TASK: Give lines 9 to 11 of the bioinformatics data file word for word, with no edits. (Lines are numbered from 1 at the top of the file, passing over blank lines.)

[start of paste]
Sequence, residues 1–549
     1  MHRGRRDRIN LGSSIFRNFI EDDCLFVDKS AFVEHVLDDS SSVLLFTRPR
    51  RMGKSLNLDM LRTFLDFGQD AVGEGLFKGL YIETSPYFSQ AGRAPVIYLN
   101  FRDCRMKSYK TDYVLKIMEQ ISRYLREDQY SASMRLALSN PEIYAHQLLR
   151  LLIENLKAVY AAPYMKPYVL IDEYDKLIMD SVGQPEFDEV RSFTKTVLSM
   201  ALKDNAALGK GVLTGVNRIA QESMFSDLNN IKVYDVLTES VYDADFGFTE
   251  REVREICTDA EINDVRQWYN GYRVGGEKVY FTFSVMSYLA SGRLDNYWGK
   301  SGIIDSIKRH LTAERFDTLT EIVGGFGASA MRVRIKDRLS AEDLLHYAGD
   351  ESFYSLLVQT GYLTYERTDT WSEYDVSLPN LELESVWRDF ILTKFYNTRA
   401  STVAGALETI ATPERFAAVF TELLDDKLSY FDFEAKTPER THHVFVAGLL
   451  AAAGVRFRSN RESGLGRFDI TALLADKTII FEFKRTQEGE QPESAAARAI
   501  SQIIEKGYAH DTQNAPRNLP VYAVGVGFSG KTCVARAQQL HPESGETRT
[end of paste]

   351  ESFYSLLVQT GYLTYERTDT WSEYDVSLPN LELESVWRDF ILTKFYNTRA
   401  STVAGALETI ATPERFAAVF TELLDDKLSY FDFEAKTPER THHVFVAGLL
   451  AAAGVRFRSN RESGLGRFDI TALLADKTII FEFKRTQEGE QPESAAARAI